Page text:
“Prior to the claims by the WSPA, the Cayman Islands government has never been confronted with allegations or claims of evidence of animal cruelty, nor has there been any suggestion whatsoever of risks to the health and safety of visitors who enjoy the attraction,” the government’s statement read.  

The Turtle Farm said Saturday that it routinely monitors water quality in its saltwater swimming lagoon with weekly tests conducted by Water Authority-Cayman for faecal bacteria, E coli and enterococci.  

“Tests have shown our levels are consistently well below internationally accepted thresholds for safe swimming standards,” according to a follow-up statement sent to the Caymanian Compass on Saturday evening. “As an added precaution, beginning 7 September we started salmonella testing in our saltwater swimming lagoon and saltwater wading touch tank. Both of these enclosures contain young green sea turtles that tourists can either swim or interact with. Results have been mixed. The initial test on 7 September showed no salmonella in our saltwater lagoon and presence of salmonella in the wading touch tank. A second test showed salmonella in both enclosures.” 

Farm officials also noted that salmonella is a risk to human health only if ingested. 

 

Conservation 

WSPA representatives also raised questions about whether the marine replenishment efforts of the Turtle Farm, releasing farm turtles into the wild, actually relieved some of pressures of poaching on wild stocks.  

“There are significant reasons to believe that it does not,” the organisation stated.  

The WSPA opined that “evidence suggests local Caymanians prefer wild turtle meat to farmed meat” and that recent price increases instituted by the farm may have put many Cayman Islands residents out of the market for farm-raised meat anyway.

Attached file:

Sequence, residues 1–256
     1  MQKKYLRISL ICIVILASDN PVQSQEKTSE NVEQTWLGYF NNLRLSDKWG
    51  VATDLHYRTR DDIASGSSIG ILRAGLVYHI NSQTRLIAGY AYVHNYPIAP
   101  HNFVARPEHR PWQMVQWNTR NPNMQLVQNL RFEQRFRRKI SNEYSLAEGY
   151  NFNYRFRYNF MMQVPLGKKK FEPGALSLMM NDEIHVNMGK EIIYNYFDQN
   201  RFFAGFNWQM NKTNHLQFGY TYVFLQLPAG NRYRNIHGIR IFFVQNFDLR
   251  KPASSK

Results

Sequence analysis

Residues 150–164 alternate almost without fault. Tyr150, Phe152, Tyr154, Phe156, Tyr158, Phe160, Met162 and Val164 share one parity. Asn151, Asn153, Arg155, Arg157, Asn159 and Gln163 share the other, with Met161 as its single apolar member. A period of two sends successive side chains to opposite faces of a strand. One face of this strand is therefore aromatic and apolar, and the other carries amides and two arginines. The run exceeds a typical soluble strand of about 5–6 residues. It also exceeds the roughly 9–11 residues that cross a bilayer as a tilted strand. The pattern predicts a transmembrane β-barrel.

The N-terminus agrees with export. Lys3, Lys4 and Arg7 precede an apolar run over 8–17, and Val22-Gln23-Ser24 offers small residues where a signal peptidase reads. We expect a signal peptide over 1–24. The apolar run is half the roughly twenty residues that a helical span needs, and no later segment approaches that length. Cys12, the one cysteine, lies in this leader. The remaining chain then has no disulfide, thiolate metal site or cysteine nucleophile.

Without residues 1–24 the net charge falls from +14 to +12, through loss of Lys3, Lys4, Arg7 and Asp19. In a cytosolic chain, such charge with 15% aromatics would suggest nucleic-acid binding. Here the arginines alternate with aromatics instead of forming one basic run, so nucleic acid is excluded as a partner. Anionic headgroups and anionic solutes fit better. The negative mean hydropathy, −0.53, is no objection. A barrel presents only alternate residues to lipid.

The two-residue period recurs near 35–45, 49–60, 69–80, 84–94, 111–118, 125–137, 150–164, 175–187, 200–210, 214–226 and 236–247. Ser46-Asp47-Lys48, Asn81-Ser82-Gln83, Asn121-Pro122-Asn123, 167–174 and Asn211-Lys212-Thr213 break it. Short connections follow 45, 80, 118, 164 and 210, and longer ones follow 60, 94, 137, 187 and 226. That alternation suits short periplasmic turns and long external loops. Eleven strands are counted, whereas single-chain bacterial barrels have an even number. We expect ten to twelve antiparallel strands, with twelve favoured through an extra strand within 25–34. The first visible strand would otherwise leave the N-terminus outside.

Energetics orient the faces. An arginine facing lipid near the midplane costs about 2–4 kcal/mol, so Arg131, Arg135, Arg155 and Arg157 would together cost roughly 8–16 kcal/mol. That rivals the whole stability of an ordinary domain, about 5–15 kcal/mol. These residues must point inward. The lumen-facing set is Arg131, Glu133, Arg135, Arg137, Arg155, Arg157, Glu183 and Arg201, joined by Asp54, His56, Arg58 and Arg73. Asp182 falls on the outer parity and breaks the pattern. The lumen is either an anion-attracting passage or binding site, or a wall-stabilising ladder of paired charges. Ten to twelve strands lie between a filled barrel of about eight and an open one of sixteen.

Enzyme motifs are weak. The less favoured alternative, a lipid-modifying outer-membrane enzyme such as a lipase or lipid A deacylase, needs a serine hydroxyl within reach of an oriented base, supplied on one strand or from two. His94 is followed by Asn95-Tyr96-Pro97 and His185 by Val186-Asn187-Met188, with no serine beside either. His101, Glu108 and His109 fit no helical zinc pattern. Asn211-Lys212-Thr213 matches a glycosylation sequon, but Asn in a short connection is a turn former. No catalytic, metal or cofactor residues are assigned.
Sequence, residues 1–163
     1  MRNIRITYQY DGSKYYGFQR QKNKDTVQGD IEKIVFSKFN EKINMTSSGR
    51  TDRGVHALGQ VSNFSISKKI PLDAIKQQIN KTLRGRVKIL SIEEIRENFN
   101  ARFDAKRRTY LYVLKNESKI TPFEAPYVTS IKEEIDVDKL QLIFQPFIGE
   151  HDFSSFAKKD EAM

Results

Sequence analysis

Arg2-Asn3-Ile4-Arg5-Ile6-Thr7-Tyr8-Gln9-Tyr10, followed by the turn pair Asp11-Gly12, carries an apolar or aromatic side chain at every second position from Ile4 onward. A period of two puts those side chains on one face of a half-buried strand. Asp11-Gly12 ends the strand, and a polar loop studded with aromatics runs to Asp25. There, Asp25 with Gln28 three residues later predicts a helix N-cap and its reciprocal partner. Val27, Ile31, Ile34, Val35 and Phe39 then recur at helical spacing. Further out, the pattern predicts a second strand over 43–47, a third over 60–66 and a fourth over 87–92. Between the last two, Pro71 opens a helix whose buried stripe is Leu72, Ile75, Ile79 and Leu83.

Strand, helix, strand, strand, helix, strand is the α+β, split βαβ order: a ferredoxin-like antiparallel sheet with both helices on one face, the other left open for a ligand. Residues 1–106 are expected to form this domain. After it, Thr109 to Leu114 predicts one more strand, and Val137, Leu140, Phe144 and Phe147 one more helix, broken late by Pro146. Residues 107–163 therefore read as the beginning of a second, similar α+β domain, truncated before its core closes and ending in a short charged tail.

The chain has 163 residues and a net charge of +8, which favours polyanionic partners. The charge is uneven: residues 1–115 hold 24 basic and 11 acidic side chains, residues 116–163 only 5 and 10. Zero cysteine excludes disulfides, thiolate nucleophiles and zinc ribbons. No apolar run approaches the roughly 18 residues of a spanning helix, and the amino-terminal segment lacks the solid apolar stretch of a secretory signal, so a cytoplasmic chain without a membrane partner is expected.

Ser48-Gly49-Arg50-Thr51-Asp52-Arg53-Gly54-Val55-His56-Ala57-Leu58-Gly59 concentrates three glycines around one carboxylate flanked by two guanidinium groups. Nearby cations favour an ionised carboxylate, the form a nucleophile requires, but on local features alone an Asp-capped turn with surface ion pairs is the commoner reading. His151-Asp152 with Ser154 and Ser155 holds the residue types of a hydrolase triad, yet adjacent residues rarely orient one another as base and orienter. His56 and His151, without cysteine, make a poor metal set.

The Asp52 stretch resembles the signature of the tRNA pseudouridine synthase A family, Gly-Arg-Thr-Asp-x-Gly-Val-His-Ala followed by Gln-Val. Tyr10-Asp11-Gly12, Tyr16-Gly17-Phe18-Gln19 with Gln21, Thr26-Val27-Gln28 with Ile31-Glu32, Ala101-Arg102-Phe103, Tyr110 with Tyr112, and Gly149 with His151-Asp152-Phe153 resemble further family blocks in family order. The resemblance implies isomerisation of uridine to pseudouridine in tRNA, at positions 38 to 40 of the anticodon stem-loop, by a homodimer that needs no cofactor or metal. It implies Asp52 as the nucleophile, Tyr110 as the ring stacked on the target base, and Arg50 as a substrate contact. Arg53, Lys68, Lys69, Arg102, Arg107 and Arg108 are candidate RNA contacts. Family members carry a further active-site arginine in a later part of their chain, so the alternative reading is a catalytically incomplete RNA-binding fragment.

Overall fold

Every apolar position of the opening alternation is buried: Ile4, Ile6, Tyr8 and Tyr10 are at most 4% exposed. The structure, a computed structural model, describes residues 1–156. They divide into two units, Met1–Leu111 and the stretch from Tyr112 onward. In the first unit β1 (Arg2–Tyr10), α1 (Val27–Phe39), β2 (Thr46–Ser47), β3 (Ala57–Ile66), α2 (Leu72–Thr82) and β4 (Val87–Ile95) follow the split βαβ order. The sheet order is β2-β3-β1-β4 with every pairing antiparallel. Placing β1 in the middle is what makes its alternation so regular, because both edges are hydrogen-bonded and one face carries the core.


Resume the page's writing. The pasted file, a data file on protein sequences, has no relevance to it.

Moreover, releasing farm turtles into the wild could have a negative impact on turtle populations there if the farm turtles are transmitting diseases, the WSPA report stated.  

The Turtle Farm responded by stating much of the scientific data on various turtle breeds could not be obtained anywhere other than the farm itself and that the WSPA “makes light” of the 31,000 turtles released in the wild by the farm over the years.  

In particular, 2012 has been a banner year for turtle breeding in Cayman, both in the wild and at the farm, officials said. Some 41,000 eggs have been laid at the Turtle Farm this year with a higher hatch rate than has been seen recently.  

The farm is planning a release of 150 turtles later in the year, the farm’s statement indicated.  

“To further its own aims, the WSPA, in its goal to shut down our operations, is using every tactic imaginable and attacking all angles of the important work the Cayman Turtle Farm has been doing over the past 40 years,” farm officials stated in the Friday release.  

The WSPA made a number of claims regarding the financial sustainability of the Cayman Turtle Farm, which will be reported in a separate story by this newspaper.